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AI: Finds which of our faces are attractive through the brain

Most argue that beauty is subjective and depends on the person who sees it. But as the AI technology, the truth is more internal.

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The concept of natural beauty comes from the mind and is defined by which characteristics we find attractive in other people's faces. These preferences represent some of our most private inner thoughts. However, this does not mean that they cannot be monitored and perhaps even predicted.

As found by a news study, The researchers used electroencephalography (EEG) measurements to determine what kind of facial features they found attractive and then fed the results into an artificial intelligence (AI) program.

The system called the Genetically Opposite Neural Network (GAN), he first became acquainted with the types of faces that individuals found desirable and then constructed entirely new specially designed faces to please them.

The experiment, conducted by a team of psychologists and computer scientists at the University of Helsinki in Finland, was like a huge session tinder for the 30 volunteers who participated.

Participants sat in front of a screen computer showing them a series of faces, none of which were real people, but realistic artificial portraits created from a database of some 200.000 images of celebrities.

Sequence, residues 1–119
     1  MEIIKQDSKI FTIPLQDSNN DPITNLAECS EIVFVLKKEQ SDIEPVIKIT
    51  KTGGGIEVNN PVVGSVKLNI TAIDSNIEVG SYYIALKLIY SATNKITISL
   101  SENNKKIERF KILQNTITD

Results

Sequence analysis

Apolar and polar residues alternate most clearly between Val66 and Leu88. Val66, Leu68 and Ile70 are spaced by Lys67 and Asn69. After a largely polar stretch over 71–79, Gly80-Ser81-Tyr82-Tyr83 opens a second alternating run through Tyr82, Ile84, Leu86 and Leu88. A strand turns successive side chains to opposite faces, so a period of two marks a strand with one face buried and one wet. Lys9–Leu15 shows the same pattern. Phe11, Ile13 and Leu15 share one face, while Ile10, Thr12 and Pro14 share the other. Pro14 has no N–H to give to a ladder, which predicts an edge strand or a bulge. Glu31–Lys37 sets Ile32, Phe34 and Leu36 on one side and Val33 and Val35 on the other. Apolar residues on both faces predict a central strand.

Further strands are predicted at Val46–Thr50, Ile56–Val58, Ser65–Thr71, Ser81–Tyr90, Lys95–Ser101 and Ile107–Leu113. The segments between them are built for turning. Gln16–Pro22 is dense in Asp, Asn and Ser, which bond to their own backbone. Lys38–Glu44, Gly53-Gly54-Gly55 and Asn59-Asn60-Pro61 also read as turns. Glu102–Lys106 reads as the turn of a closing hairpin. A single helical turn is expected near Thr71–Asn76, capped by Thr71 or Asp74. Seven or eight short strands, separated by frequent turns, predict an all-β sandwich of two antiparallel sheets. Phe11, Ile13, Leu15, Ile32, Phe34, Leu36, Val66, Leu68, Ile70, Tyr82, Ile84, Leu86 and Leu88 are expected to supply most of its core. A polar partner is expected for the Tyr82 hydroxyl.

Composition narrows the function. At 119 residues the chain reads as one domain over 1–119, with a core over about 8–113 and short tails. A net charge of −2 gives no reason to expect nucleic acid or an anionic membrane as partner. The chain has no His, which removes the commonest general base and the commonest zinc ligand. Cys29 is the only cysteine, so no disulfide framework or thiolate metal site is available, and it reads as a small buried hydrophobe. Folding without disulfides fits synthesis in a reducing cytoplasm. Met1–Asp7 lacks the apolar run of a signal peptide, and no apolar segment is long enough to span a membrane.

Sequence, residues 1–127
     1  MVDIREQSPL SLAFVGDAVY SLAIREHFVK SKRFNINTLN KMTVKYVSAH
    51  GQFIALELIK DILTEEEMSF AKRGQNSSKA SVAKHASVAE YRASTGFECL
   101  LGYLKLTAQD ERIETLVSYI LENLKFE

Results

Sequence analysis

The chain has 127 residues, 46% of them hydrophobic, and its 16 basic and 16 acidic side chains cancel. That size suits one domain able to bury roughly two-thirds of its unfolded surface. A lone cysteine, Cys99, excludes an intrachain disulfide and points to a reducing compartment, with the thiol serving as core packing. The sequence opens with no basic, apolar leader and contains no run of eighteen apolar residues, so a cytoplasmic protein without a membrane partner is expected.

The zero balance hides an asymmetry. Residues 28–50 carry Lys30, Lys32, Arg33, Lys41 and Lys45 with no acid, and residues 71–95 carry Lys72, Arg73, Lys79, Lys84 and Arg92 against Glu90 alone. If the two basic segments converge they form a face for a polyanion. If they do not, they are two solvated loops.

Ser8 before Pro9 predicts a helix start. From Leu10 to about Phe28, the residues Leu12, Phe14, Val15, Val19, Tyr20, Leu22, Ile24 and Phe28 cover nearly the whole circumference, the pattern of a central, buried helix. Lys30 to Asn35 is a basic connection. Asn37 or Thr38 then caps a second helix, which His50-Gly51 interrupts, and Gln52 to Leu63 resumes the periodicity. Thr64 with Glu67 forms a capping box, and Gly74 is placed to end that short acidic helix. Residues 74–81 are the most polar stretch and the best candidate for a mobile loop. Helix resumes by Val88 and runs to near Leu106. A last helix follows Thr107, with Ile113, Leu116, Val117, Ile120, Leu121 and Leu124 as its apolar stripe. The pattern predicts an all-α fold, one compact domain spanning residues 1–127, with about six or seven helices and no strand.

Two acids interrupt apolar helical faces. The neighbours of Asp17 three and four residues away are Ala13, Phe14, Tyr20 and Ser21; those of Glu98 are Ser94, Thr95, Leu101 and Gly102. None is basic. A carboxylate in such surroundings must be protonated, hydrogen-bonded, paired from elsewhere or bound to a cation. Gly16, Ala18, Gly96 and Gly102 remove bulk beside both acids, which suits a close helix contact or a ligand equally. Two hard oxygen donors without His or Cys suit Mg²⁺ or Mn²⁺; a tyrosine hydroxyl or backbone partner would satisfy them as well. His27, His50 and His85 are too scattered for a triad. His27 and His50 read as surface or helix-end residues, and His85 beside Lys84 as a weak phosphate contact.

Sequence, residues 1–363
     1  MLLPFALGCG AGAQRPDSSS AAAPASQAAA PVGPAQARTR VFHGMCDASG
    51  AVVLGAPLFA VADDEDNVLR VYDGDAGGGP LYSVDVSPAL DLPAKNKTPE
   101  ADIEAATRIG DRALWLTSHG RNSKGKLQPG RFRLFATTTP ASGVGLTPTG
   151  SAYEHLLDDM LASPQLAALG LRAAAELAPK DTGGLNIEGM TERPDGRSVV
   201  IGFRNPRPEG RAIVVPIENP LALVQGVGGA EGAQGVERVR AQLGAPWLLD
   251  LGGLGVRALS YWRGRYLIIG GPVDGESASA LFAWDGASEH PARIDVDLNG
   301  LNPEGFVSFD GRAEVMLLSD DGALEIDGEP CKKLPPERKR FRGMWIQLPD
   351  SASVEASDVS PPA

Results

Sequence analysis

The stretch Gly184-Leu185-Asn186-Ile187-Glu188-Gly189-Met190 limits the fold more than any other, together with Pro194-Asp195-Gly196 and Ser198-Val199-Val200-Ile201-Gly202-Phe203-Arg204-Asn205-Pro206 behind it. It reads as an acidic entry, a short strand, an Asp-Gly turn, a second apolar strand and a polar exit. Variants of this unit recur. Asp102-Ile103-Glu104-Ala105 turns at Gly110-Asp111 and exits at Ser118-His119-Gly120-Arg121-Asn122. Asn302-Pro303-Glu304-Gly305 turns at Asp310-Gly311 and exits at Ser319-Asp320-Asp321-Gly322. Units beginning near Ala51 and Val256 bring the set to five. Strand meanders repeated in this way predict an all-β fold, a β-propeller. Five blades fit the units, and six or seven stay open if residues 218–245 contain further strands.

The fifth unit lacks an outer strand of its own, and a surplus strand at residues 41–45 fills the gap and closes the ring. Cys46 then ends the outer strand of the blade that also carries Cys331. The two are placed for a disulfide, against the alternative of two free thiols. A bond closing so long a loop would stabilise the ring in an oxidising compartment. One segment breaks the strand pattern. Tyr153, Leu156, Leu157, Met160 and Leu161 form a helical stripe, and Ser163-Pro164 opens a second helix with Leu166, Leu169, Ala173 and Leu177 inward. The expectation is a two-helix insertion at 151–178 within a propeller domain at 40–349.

In contrast to normal use of Tinder, participants also wore elastic caps fitted with electrodes designed to measure their brain activity as they looked at faces.


"They had to do nothing but look at the pictures", Explains the neuroscientist Michiel Spapé. "We measured the immediate response of the brain to the images."

These individual measurements of neural activity were then evaluated by the GAN, which was able to interpret the brain responses as to how attractive each artificial face was to the viewer.

Using these data, GAN was able to create new faces updated with human EEG traction identifiers.

In a second experiment, these recently invented faces were then displayed to volunteers, who rated them for attractiveness, along with other images of randomly created faces.

Finally, the results validated the essay of the researchers, with participants rating the customized images as attractive in 80 percent of cases, while the other individuals were selected in only 20 percent.

Although a small study, it proves once again how AI technology can unravel mysteries of the human way of thinking, such as which people we find attractive.

"Success in assessing attractiveness is especially important, as this is such a strong, psychological property of stimuli", Says Spapé. "If this is possible in something both personal and subjective such as attractiveness, we may be able to consider other cognitive functions such as perception and decision making. Possibly, we could orient her device to identify stereotypes or tacit prejudices and to better understand individual differences."

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